3 Estate Planning Mistakes You Don’t Want To Make

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 1. Failing to name contingent beneficiaries


Life’s uncertain. We’d like to believe everything will go as planned, but it’s possible that your primary beneficiaries may predecease you. If that happens, you should always have alternate or back-up beneficiaries in place.


Also, it’s best to make a habit of reviewing the beneficiaries on your financial accounts on a consistent basis. You may be surprised to learn that you haven’t updated your retirement accounts or life insurance policy since before you got married (or divorced).


2. Gifting your home to multiple children or beneficiaries


Every parent wants to believe that their children will take care of how to divide up property after he or she is gone. In the parent’s mind it may seem silly to get into the details and logistics in their Will or Trust. However, by deferring this task to your children (or other named beneficiaries) you open the possibility of creating a huge family conflict.


For example: one child wants to sell right away to help pay for their kid’s wedding, another child is in no financial rush and wants to hold onto the property until the market recovers, a third wants to rent the property, and a fourth child just went through a divorce and needs a temporary place to stay.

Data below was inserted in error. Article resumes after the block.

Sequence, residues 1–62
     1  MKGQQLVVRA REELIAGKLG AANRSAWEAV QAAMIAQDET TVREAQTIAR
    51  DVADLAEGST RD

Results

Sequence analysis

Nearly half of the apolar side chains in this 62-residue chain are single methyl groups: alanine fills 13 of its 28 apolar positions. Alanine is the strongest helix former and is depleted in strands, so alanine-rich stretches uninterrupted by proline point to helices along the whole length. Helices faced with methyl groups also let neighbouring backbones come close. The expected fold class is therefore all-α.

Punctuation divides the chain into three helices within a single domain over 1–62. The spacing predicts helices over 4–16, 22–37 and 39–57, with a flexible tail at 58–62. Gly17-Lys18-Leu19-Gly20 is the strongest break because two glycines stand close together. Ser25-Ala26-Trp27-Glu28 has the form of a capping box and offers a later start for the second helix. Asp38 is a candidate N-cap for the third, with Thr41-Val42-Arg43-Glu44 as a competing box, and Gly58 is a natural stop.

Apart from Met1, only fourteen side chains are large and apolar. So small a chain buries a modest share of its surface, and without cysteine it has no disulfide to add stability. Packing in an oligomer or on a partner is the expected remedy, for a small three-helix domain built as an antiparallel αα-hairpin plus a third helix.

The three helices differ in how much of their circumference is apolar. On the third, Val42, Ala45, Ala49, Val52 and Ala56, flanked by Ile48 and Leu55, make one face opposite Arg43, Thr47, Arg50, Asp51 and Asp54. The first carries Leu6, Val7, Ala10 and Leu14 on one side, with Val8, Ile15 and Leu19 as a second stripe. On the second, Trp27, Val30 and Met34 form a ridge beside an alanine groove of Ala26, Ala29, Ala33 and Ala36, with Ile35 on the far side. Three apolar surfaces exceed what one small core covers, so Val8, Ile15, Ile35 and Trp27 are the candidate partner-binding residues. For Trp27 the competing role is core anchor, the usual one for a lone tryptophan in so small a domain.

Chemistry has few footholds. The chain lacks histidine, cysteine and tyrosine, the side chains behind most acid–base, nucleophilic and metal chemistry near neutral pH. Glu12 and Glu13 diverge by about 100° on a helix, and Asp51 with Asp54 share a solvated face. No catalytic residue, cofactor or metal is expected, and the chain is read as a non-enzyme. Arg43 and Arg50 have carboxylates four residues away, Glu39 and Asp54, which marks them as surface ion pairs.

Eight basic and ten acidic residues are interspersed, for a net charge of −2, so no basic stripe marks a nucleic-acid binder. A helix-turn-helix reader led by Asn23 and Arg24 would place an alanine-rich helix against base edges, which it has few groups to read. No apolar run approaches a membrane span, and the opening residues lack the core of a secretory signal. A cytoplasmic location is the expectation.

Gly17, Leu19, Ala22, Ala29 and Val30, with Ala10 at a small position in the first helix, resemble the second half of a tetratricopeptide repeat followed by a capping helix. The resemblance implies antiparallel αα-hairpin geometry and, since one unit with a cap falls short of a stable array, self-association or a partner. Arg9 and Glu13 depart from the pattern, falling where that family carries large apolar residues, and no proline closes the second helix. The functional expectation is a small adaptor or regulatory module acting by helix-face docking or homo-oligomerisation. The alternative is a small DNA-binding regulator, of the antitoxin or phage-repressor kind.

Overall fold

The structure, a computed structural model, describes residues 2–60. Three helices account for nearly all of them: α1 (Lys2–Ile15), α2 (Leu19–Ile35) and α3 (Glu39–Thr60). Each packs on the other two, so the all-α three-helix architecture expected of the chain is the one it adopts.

I think you get the point.


3. Leaving assets directly to a minor


Similar to common mistake #1, you should carefully think through contingency plans involving younger beneficiaries. If your primary or alternate beneficiary is a minor or under the age of 21 then you may want to specify the assets to be held in a custodial account as long as possible (21 in MA).


If it’s a particularly large inheritance, you may take it one step further by considering whether the current parent/guardian of the minor beneficiary is well suited to handle the money or if you would prefer a third party to handle the financial side of things.


And, if 21 seems too young for someone to inherit a portion of your estate, then you can set up a trust to delay that age to one that makes more sense for you. You also would have the added flexibility of having multiple distribution dates (e.g., one-third at 25, one-third at 30, and so on).


If you have any questions about common estate planning mistakes or about estate planning in general, then please feel free to contact Joseph Lento at Perennial Trust by calling (781) 202 – 6368 or emailing jlento@perennialtrust.com. You can also download our Free Estate Planning Guide. Thanks for reading!

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